Road safety and calming measures
The council’s priority, in line with our Local Implementation Plan, is to reduce killed and serious injury collisions (KSIs) by making improvements in the roads where accidents are actually occurring, rather than perceived risk. However, if low cost measures can be introduced to reduce road danger, these will be considered to help encourage residents to feel able to choose how to travel and to improve quality of life.
The accident record for any road in the borough is available at www.crashmap.co.uk.
Transport for London (TfL) is responsible for speed cameras or red-light cameras across the whole of the Greater London area. Faults or maintenance issues can be reported to TfL directly.
Speeding or dangerous driving is an offence punishable by law and enforced by the Police. TfL work in partnership with the police to run Community Roadwatch; a road safety initiative which aims to reduce speeding in residential areas.
The width restrictions in the borough are in place to prevent large goods vehicles from using certain routes and are not there for safety reasons. No new permanent width restrictions have been installed for over 20 years and there are currently no proposals to review or remove any that are currently in-situ.
New mirrors are not permitted on the highway and are not covered by regulation. Until June 2013, every single mirror required special authorisation by the Department for Transport (DfT). However, the DfT no longer accept applications for mirrors and we do not install them.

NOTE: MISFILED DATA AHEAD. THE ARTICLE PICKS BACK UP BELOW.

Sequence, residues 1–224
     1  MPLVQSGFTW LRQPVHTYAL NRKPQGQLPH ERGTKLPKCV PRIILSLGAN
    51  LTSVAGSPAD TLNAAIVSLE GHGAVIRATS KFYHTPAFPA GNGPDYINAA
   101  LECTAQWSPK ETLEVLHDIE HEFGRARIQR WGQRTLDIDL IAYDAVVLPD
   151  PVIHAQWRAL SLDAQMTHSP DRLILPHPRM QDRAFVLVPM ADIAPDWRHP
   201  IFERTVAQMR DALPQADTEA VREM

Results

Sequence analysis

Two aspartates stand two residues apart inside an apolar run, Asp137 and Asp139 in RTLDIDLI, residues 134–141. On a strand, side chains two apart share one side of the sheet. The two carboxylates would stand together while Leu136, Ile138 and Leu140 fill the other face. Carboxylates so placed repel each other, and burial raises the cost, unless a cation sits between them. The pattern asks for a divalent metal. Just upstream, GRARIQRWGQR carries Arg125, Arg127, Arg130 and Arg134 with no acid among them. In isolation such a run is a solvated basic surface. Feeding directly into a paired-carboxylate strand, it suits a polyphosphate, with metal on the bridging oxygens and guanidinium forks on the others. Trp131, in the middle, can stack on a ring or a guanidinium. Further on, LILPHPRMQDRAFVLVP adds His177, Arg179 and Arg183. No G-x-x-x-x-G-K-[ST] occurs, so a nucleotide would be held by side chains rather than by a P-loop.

Repeater 30mph signs
Where street lighting is present and is no more than 183 metres apart, the road is subject to a 30mph speed limit and 30mph repeater signs are not required. Further information about speed limits is available in The Highway Code.
Casualty reduction schemes
All casualty reduction schemes go through a consultation process and support for the schemes must be gained from the Portfolio Holder and Ward Councillors, and can involve wider consultation. Any objections raised during the process may cause delays to the scheme being implemented, a change to the design or costs and may potentially cause the scheme to be rejected. Schemes are prioritised on the likely number of casualties saved per pound spent. This enables the council to ensure that the maximum number of injuries and deaths are prevented within finite budgets.